For tumor-only assays, analytic pipelines aim to reduce the number of germline variants in the output, often by filtering out variants recurrently reported in genomic population databases. Rare germline variants, however, can still be included in reports.6,8-10 By focusing on somatic events, these computational filters may also mask germline variants associated with cancer predisposition, as demonstrated in prior studies.6,10,11 To further refine tumor variant calls, sequencing data from tumor-only panels are often reviewed and interpreted by molecular pathologists or geneticists who may identify the possibility that certain variants are germline in their reports. Together, these approaches are designed to improve the accuracy of variant reporting to refine diagnoses, aid in treatment decisions, and refer patients and families to genetic counseling when indicated. However, direct assessment of the effectiveness of computational filters, expert review, and the potential added value of comparative or paired tumor and germline analysis has not been extensively examined in pediatric cancer cohorts.
In this study, we analyzed a subset of patients with childhood solid malignancies enrolled in a genomic precision medicine trial, Genomic Assessment Improves Novel Therapy (GAIN) consortium study (ClinicalTrials.gov Identifier: NCT02520713). Tumor samples underwent tumor-only profiling followed by germline profiling, with separate reports provided to clinicians. Given the sequential analysis of tumor followed by germline sequencing, data from this cohort provide a unique opportunity for a post hoc analysis to compare how the addition of germline sequencing may affect clinical variant interpretation and clinical recommendations. We hypothesized that tumor-only sequencing could result in the inability to definitively distinguish germline from somatic variants, potentially complicating treatment decisions and missing opportunities to identify hereditary cancer risk in patients and their families.
Patients were identified among those enrolled on the GAIN Consortium trial approved by the Institutional Review Boards at Dana-Farber Cancer Institute and participating sites. Eligible patients had a high-risk (defined as an expected 2-year progression free survival of 50% or less) newly diagnosed or relapsed or refractory solid malignancy outside of the central nervous system with an age at initial diagnosis of 30 years or younger. Written informed consent was obtained for all study participants. Tumor samples were acquired from archival material collected as part of routine clinical care, and peripheral blood was obtained during a clinical blood draw. Physicians and research staff provided pathologic diagnosis and demographic information, including participant-reported race and ethnicity. Individuals from the GAIN trial were eligible for inclusion in this analysis if both tumor and germline profiling results, as well as completed clinical interpretation and reports, were available for analysis by April 2019.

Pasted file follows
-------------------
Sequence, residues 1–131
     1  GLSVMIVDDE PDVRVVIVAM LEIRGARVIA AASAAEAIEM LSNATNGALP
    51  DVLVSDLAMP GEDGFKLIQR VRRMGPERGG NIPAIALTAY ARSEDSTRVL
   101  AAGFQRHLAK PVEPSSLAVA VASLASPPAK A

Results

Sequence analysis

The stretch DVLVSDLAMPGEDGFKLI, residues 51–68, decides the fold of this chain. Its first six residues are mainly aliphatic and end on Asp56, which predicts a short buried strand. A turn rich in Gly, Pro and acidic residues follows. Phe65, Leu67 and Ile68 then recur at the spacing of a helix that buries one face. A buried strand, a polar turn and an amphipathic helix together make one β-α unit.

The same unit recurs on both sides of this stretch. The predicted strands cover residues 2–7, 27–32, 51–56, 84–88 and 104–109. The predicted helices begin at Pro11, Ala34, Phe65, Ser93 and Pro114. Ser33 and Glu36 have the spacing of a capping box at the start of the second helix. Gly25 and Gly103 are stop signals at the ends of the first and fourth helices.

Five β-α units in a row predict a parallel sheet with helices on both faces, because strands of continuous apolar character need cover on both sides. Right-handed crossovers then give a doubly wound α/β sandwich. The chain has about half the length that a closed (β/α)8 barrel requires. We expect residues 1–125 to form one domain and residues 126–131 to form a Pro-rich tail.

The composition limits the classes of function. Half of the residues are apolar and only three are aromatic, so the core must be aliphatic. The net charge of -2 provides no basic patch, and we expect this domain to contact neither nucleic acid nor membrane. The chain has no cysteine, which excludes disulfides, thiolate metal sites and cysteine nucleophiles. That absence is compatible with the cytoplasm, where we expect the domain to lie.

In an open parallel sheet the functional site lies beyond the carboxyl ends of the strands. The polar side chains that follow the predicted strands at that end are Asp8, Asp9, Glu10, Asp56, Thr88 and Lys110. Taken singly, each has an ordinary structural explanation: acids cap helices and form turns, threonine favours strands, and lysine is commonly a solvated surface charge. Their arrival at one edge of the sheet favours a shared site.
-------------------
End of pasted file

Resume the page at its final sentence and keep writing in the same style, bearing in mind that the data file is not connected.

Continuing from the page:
Tumor samples were sequenced by the Center for Advanced Molecular Diagnostics at Brigham and Women's Hospital using a custom hybrid capture sequencing assay, OncoPanel, targeting 300 genes (version POPv2) or 447 genes (version POPv3).12 Briefly, extracted DNA underwent next-generation sequencing of targeted genes using the TruSeq LT library preparation kit (Illumina, San Diego, CA), a custom RNA bait set (Agilent SureSelect, Agilent, Santa Clara, CA), and the Illumina HiSeq2500. Analysis included the detection of sequence variants, copy-number alterations, and structural variants, as previously described.13-16 The lower limit of detection for sequence variants was 10% allelic fraction at 50× coverage. Likely polymorphisms and artifacts were filtered by comparing variant calls to both a panel of normal samples and in-batch normal controls, as well as those found in the NHLBI Exome Sequencing Project (ESP) and/or gnomAD databases at > 0.1% frequency in any subpopulation. Variants flagged for filtering that were present in Cosmic at least twice were subsequently rescued. Variants were interpreted and reported by a molecular pathologist according to guidelines recommended by the Association for Molecular Pathology, College of American Pathologists, and American Society of Clinical Oncology17 within a 5-tier schema: Variants in tiers 1-2 associated with strong evidence, tier 3 with weak evidence, tier 4 with uncertain significance of clinical impact, and tier 5 unlikely to have impact. The potential germline etiology was commented upon in the report, at the discretion of the molecular pathologist.
The GAIN study aims to evaluate whether tumor sequencing increases the use of molecularly targeted therapies and whether those therapies are associated with treatment responses. Such individualized cancer therapy (iCat) recommendations were made on the basis of peer-reviewed literature and, in cases with weak or conflicting evidence, consensus opinion from an expert panel. Treatment recommendations were tiered (separate from the variant tiers described above) on the basis of the strength of the evidence supporting potential response to a specific therapy.1 The iCat recommendation, including a comment about possible germline origin if appropriate, was communicated in a written report.